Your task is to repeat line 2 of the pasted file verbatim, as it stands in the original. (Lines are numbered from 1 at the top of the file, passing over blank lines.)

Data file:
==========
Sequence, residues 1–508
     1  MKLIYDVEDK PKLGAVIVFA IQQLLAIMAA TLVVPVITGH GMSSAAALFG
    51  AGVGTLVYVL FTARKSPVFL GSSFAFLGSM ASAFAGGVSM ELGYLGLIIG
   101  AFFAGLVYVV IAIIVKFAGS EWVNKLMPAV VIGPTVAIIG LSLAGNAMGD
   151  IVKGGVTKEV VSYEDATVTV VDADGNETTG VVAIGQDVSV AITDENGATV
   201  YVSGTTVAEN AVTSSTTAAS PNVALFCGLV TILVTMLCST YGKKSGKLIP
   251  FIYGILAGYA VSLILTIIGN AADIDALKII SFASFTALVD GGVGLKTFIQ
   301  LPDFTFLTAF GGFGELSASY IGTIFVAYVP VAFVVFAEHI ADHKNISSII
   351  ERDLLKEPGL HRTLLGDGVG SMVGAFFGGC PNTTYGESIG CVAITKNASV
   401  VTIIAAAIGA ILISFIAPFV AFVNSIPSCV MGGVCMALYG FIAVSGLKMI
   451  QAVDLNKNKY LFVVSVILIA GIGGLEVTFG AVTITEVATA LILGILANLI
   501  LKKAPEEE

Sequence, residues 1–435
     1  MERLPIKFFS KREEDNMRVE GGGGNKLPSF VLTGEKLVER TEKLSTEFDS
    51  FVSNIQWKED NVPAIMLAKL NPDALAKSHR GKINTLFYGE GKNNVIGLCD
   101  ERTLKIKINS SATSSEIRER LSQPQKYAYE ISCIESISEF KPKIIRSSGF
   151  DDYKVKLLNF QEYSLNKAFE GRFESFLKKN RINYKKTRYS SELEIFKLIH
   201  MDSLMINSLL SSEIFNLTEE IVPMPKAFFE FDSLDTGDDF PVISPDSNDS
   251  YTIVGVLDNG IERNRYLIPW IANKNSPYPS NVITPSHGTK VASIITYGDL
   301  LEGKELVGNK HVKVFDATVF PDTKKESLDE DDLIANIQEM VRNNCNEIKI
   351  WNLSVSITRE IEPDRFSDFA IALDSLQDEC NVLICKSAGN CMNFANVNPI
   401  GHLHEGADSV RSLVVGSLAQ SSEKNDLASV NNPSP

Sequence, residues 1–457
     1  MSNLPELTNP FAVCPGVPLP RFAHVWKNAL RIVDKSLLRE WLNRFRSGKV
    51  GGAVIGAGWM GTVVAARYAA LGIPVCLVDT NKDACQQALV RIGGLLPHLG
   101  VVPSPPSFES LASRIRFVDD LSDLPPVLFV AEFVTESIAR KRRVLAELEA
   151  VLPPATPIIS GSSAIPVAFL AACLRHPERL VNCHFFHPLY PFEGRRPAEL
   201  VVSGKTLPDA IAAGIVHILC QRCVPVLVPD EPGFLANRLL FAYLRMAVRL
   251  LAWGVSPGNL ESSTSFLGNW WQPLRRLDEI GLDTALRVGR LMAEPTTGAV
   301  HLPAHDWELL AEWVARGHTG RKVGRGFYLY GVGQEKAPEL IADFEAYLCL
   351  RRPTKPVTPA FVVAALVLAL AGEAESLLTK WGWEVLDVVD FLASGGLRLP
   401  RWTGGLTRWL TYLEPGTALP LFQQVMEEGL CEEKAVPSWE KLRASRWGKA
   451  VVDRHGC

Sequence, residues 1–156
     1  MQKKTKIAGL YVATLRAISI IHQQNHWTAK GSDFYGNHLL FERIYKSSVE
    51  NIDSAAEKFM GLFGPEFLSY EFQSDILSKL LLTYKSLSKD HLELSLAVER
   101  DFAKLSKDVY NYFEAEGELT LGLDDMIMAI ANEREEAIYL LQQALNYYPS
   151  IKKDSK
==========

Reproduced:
     1  MKLIYDVEDK PKLGAVIVFA IQQLLAIMAA TLVVPVITGH GMSSAAALFG